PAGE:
Does this will not exist in those who are true personalities, and not mere pleasure-led creatures?—Have they not some of this power, the power of accepting, suffering, of determining absolutely what shall be?—A creative power which, given to each who possesses it, makes him a true personality, distinct, and not to be merged in any other—a power which determines the chain of mechanical actions, of material sequences—which creates it in the very same way in which it seems to be coming to an end—by that which, represented in material terms, is the absorption of energy into an ultimate medium; which, represented in terms of sensation, is suffering; but which in itself is absolute being, though only to be known by us as a negation of negations. (122)

This final twist in Hinton's exposition outlines a dialectical approach to creative selfhood that anticipates modernist æsthetic manifestoes calling for an art that combines energic and formal efficiency with visionary self-assertion. In Hinton's writings, mathematical physics morphs into incipient science fiction. He was essentially a scientific romancer on the order of Verne or Wells, as yet too enmeshed in scientific and philosophical agendas to cut his texts loose as pure fictions. The strains that play through his writings are the labor pains of science fiction as that genre struggled to raise itself to self-conscious status from out of the Victorian matrix of scientistic speculation.

The fourth dimension shared with the hypothetical aether of late classical physics the quality of abolishing material limitations. Both conceptual artifacts bid for experimental verification but were ultimately superseded by Einstein's redefinitions of field theory. They are recognizable now as disciplinary anachronisms, ideological fictions of Victorian science. In its cultural formation, however, the fourth dimension of space was an important precursor of the allegorical paraspaces of science fiction and the dimensional warps of virtual reality (Bukatman; Moulthrop) and it has been revived in recent science (Robbin; Kaku 55­71). A century before computer screens, it was cyberspace avant la lettre—a potentially collective thought-construction inhabited by vast structures, virtual continents beckoning to be explored. Tracing the logic of late-Victorian desire in the overdeterminations of Hinton's writings, we discern some of our own paranoid fascinations with multidimensional technocultural spaces.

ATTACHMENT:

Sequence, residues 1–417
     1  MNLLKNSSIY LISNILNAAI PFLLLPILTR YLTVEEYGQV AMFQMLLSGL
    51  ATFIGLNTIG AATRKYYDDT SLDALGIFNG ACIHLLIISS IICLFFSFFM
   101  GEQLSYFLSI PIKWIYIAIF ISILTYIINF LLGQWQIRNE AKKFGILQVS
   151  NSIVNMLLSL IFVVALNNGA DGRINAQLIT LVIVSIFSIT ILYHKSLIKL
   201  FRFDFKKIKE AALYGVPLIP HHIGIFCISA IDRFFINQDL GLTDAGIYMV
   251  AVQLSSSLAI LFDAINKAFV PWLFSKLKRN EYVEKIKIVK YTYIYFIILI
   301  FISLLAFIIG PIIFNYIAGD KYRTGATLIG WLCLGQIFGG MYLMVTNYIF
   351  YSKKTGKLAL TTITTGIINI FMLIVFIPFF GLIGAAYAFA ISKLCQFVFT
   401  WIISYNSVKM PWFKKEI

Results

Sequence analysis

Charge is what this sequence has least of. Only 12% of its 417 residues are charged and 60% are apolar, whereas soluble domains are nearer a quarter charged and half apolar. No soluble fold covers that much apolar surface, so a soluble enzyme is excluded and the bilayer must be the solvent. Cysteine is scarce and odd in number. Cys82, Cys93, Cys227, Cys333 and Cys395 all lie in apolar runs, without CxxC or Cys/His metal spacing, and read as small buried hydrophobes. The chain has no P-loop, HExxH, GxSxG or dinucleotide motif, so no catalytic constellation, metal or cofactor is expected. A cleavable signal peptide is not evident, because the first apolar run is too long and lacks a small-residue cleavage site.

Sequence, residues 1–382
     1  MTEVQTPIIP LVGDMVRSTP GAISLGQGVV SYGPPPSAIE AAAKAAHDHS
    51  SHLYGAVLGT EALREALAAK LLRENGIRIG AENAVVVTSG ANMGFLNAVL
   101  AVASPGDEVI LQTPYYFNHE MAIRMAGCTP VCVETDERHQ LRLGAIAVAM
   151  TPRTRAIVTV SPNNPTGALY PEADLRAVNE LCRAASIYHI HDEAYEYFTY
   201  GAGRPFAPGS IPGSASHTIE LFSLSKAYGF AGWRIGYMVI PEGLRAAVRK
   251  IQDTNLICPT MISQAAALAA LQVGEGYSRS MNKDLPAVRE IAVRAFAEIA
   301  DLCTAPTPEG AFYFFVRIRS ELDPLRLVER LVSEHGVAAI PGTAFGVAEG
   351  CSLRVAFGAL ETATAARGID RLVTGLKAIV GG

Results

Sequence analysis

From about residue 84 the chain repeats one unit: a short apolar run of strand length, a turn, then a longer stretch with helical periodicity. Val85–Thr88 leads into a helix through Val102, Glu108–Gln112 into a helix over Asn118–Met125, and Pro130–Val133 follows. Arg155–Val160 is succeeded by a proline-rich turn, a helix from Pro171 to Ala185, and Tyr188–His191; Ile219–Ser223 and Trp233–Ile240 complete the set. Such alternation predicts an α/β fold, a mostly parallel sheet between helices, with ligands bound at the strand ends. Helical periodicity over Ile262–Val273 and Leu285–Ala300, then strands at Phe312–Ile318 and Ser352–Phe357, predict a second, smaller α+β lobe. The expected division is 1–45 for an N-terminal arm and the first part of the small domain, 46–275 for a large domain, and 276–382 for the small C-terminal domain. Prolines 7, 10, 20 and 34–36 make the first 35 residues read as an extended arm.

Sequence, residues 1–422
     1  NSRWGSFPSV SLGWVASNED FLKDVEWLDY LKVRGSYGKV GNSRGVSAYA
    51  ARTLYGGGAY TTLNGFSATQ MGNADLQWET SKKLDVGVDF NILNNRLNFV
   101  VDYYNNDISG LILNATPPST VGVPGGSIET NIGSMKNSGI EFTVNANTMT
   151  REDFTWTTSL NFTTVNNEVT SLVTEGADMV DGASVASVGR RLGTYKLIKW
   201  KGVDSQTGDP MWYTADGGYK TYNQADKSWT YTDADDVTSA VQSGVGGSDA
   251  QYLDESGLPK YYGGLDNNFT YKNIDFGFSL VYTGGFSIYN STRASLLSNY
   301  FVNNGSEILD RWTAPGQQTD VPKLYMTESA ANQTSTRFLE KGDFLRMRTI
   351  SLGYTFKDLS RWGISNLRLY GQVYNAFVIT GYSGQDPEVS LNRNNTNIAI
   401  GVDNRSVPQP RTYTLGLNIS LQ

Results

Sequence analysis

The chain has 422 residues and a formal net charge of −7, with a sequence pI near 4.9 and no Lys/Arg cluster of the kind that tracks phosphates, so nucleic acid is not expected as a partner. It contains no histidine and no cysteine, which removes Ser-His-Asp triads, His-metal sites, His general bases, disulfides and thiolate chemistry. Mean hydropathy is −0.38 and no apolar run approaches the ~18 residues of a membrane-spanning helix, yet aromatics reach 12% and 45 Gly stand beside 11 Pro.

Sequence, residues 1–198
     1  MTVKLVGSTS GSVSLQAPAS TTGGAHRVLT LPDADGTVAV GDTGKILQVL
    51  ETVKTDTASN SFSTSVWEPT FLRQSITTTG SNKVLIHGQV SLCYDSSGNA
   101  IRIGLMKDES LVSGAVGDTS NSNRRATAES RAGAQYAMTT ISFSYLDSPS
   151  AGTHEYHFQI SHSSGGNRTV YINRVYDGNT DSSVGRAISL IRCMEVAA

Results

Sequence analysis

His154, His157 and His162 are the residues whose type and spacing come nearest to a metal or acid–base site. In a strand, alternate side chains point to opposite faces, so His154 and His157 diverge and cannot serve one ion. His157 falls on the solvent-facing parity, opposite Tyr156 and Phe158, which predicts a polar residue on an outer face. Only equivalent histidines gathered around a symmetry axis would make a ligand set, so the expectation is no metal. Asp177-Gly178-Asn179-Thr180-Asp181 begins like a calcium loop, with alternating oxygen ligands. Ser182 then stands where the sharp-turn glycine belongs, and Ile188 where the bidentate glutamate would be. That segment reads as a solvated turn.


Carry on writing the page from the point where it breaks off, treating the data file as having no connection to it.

I want to thank Linda D. Henderson, who made this essay happen, and Michael Wutz, for his helpful suggestions.

1 "Appended to the essay 'Hypercubes' in Martin Gardener's book Mathematical Carnival, there is a curious letter from a former user of Hinton's cubes who calls them 'completely mind-destroying'" (Rucker, Speculations xv).

2 On James Hinton, the author of prose works promoting universal altruism popular with social radicals such as Edward Carpenter and the Havelock Ellises, see Ballard 6­12, and Ellis. "The father James Hinton was an ear surgeon who was best known for The Mystery of Pain, a little book which sets forth the Panglossian thesis that 'all that which we feel as painful is really giving—something that our fellows are better for, even though we cannot trace it.' It gives some idea of the turn of the son Charles Hinton's mind to learn that he wrote a piece, 'The Persian King,' in which he attempted to use higher dimensions and infinite series to obtain a mathematically accurate model of this idea" (Rucker, Speculations v).

3 Hinton includes this essay in The Fourth Dimension under the title "A Recapitulation and Extension of the Physical Argument."

4 See Fletcher's "Daemonic mechanism and allegorical 'machines'": "Constriction of meaning, when it is the limit put upon a personified force or power, causes that personification to act somewhat mechanistically. The perfect allegorical agent is not a man possessed by a daemon, but a robot" (Allegory 55).

5 "Eighteenth-century physicists had considered energy losses within mechanical systems to be isolated from nonmechanical processes, and therefore they did not enunciate a theory of the equivalence of heat and mechanical energy. The concept of the conservation of mechanical energy was, however, to be found in eighteenth-century treatises on mechanics; it was familiar, in the form first enunciated by Leibniz, as the principle of the conservation of vis viva ('living force')" (Harman 35­36).